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Protect Yourself When Mailing Tax Officials

By Marcia Richards Suelzer, MA, JD | June 29, 2012

No one wants to be in a game of "he said, she said," especially if involves the delivery of important tax returns or Tax Court documents. Using the proper mailing procedures provides prima facie evidence the documents were delivered. Simply put, this means that it's up to the IRS or the Tax Court to prove they weren't delivered.

Recently issued IRS regulations make it clear that only the proper use of registered or certified mail through the United States Post Office or a similar service provided by an IRS-approved private delivery service (PDS) will qualify as constitute prima facie evidence of delivery.

Caution. Be aware that you may do yourself harm if you try and use a "better" US Post Office delivery method that registered or certified mail. For example, a Signature Confirmation may seem stronger, it will not shift the burden of proving the delivery onto the IRS or Tax Court.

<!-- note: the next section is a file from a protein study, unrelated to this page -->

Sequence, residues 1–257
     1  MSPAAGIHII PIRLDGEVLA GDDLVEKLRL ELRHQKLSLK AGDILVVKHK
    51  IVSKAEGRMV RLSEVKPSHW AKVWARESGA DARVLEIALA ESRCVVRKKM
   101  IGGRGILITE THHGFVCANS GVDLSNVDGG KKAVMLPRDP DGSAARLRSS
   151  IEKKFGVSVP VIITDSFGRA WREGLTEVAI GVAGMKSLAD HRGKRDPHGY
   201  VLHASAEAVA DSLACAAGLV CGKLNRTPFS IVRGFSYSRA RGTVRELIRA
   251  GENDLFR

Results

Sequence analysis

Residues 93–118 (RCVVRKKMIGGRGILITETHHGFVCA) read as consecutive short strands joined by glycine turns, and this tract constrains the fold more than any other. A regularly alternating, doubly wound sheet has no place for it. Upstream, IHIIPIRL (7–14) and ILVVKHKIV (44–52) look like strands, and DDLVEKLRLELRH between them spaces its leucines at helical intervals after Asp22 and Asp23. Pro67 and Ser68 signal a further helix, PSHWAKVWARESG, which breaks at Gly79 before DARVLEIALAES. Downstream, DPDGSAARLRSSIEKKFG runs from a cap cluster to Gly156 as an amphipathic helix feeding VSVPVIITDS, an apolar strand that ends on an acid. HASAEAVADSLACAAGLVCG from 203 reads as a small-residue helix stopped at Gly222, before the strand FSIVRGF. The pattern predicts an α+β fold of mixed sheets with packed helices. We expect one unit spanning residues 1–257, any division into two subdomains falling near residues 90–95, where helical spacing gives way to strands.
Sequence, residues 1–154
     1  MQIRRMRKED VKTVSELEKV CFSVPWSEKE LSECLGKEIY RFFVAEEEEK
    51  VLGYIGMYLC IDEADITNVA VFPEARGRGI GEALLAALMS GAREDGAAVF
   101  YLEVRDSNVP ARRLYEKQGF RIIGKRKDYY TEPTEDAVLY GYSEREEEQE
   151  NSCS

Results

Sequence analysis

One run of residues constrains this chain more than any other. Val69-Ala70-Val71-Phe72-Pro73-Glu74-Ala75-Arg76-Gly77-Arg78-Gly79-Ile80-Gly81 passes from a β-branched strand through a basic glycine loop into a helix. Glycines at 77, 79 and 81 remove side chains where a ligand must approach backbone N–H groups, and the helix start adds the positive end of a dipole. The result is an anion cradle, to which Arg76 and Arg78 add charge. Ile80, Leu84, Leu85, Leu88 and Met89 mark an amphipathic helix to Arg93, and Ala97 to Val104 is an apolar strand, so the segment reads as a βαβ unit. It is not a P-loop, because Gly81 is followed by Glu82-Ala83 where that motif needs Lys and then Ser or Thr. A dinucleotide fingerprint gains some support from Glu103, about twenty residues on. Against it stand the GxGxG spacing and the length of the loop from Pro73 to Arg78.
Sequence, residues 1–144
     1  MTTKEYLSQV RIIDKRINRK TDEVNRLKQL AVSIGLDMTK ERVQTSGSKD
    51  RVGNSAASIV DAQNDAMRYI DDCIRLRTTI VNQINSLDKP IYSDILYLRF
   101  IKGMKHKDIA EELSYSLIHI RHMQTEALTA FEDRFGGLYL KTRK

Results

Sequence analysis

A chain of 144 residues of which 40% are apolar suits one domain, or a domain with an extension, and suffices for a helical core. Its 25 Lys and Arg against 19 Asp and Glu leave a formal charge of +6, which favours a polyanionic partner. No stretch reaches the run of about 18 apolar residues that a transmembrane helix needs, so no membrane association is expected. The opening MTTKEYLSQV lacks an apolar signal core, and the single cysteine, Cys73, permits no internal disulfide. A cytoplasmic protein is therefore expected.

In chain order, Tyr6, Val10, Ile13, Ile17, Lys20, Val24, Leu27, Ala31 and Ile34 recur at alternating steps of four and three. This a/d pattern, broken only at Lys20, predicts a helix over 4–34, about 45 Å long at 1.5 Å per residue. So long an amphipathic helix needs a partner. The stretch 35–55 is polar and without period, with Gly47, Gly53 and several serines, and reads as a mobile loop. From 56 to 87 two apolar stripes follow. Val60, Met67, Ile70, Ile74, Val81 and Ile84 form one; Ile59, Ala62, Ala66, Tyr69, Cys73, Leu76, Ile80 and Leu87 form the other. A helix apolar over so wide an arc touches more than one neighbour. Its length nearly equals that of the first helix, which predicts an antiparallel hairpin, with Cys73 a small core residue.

The IRS rejected, as beyond the scope of its authority, suggestions to extend the prima facie evidence of delivery to mail sent using other US Post Office services, including Priority Mail, Certificate of Mailing, Express Mail Receipt, Delivery Confirmation Receipt, and Signature Confirmation.

Tip. The following private delivery services are currently approved by the IRS for purposes of both the delivery rule and the timely mailing rule:

  • DHL Express (DHL): DHL Same Day Service; DHL Next Day 10:30 am; DHL Next Day 12:00 pm; DHL Next Day 3:00 pm; and DHL 2nd Day Service;
  • Federal Express (FedEx): FedEx Priority Overnight, FedEx Standard Overnight, FedEx 2 Day, FedEx International Priority, and FedEx International First; and
  • United Parcel Service (UPS): UPS Next Day Air, UPS Next Day Air Saver, UPS 2nd Day Air, UPS 2nd Day Air A.M., UPS Worldwide Express Plus, and UPS Worldwide Express.

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